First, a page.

Use of structured reports and quantitative data is growing as providers look to offer effective, personalized medicine. While these efforts are improving communication, they still require plenty of manual operations by the radiologist during interpretation. However, new technologies are offering a way to efficiently generate standardized reports and easily capture quantitative data.
The benefits are touted in literature, at conferences and around hospital hallways. Structured reporting can improve communication with clinicians, streamline radiology interpretations and reduce errors in coding, protecting reimbursement. The movement toward structured reporting has blossomed in tandem with a push to capture and incorporate standardized quantitative measurements and a common lexicon.
In the wake of the success of the American College of Radiology’s Breast Imaging-Reporting and Data System (BI-RADS), the college has developed terminologies and classification systems for hepatocellular carcinoma (HCC) imaging findings called LI-RADS, as well as PI-RADS for the prostate and HI-RADS for head injuries.
All this structure and standardization should be a boon to reporting practice, but radiologists must buy in, and the transition can slow down workflow. Even with the LI-RADS framework, for instance, reporting suspected HCC is challenging. Radiologists have to apply the LI-RADS flowchart to each lesion, and dictate findings into a specific reporting template that they have to select and bring into the dictation software interface.
LI-RADS might get everybody speaking the same language, but the workflow still has many steps in which human error can appear. Because of this, Toshimasa J. Clark, MD, and colleagues from the University of Washington in Seattle, developed a pair of software tools to improve consistency and timeliness of LI-RADS reporting, an innovation that could aid the institution’s large liver transplant center that serves five states.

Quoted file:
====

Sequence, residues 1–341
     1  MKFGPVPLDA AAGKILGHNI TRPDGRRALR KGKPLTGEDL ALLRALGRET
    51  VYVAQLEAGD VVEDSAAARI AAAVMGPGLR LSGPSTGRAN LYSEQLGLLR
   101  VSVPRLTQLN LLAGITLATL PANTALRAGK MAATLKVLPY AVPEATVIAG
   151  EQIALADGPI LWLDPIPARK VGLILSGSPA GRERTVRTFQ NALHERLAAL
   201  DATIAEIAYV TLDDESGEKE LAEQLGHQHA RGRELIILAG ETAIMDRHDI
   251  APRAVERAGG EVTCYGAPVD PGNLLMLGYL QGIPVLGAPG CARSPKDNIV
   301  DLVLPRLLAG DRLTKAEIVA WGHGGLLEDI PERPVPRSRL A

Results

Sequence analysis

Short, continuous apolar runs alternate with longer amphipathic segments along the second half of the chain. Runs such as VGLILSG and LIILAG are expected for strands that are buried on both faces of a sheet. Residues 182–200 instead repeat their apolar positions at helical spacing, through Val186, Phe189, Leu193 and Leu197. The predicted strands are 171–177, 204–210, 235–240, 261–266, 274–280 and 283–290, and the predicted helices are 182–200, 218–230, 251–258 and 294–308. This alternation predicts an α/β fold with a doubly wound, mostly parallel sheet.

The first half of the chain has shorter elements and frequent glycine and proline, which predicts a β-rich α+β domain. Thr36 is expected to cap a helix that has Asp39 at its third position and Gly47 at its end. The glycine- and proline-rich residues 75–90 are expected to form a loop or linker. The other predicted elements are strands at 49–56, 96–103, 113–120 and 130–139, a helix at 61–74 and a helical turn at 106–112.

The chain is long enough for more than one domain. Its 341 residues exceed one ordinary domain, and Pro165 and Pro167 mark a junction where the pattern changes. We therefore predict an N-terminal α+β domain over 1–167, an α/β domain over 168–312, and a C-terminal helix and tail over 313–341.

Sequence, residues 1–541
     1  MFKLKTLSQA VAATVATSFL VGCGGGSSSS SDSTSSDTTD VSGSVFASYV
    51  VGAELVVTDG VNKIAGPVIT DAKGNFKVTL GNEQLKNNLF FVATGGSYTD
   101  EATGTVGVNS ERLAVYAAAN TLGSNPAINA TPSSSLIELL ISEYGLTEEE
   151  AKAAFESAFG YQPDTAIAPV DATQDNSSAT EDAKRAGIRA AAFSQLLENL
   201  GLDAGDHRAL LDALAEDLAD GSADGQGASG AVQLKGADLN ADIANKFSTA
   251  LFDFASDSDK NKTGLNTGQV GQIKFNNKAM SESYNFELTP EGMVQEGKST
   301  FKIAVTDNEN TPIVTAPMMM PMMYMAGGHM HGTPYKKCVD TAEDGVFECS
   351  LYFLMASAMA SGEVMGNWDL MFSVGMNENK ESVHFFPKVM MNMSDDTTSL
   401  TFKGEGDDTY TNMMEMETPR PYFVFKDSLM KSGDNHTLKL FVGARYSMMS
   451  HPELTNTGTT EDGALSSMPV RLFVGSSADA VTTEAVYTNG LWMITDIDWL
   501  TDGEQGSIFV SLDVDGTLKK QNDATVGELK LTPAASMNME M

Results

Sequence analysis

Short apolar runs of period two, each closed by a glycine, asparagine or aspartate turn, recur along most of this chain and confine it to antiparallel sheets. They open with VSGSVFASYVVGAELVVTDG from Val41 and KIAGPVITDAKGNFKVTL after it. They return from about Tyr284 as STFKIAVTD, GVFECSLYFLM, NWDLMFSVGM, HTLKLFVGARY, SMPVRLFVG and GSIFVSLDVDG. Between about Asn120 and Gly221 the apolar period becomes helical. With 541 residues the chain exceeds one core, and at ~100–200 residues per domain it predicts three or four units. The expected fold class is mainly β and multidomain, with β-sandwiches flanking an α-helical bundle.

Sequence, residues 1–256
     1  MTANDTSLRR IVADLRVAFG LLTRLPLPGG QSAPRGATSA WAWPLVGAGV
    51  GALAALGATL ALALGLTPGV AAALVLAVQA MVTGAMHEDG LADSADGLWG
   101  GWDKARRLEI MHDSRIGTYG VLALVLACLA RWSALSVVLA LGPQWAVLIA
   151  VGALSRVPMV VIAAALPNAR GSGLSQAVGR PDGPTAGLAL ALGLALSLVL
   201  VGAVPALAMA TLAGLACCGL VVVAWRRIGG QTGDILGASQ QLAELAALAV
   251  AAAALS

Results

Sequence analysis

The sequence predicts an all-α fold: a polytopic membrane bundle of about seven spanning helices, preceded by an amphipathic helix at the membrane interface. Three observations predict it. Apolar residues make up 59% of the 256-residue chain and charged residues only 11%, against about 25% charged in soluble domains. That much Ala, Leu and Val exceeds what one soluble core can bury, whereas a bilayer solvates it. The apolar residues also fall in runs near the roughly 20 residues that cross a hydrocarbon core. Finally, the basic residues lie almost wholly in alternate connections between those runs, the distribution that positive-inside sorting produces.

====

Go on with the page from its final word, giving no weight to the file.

“Almost all of our liver studies are reported in a structured manner despite the lack of a mandate, but most of these structured reports are painstakingly created by copying a template and editing each field by hand,” says Clark.
The first of the two complementary applications is a mobile app for iOS devices that allows for rapid characterization of hepatic observations in various situations, including during multidisciplinary conferences. This app is available through Apple’s iTunes App store.
The second application is desktop software written in Java that enables semi-automated, real-time application of the LI-RADS algorithm while also generating structured text that can be copied and pasted into reporting software.
Radiologists still have much to do, including identifying, measuring and characterizing lesions, so the software doesn’t fully automate the process. Still, generating the report text should make workflow more efficient. Even better, says Clark, would be a tool that is integrated with computer-aided detection and reporting software to directly report lesion characteristics with minimal user interaction.
“Closer integration with reporting software and PACS would certainly foster increased use,” he says. “Mandated structured reporting, as happened with the FDA and BI-RADS, also would encourage users to find workflow solutions that produced structured reports.”
Clark doesn’t believe vendors have done enough to this point to support the use of structured reporting by creating applications such as those from the University of Washington. These homemade solutions can be freely downloaded, with the open-source desktop software available at www.liradsapp.com. With the increased attention to structured reporting, however, the dearth of structured reporting tools could be remedied soon.
“Standardized reporting is part of the natural progression of radiology,” says Clark. “While some might resist it as part of the process of making radiology reports a commodity, from a patient care perspective it leads to more consistent inclusion of all relevant information, easier parsing of reports for ordering clinicians, and, in the case of LI-RADS, consistent characterization of hepatic observations as probably or definitely HCC. If I were a patient being assessed for possible HCC, I’d want my radiologist to report it in a structured fashion using LI-RADS terminology and categorization.”
A tool that streamlines structured reporting is one thing, but an application that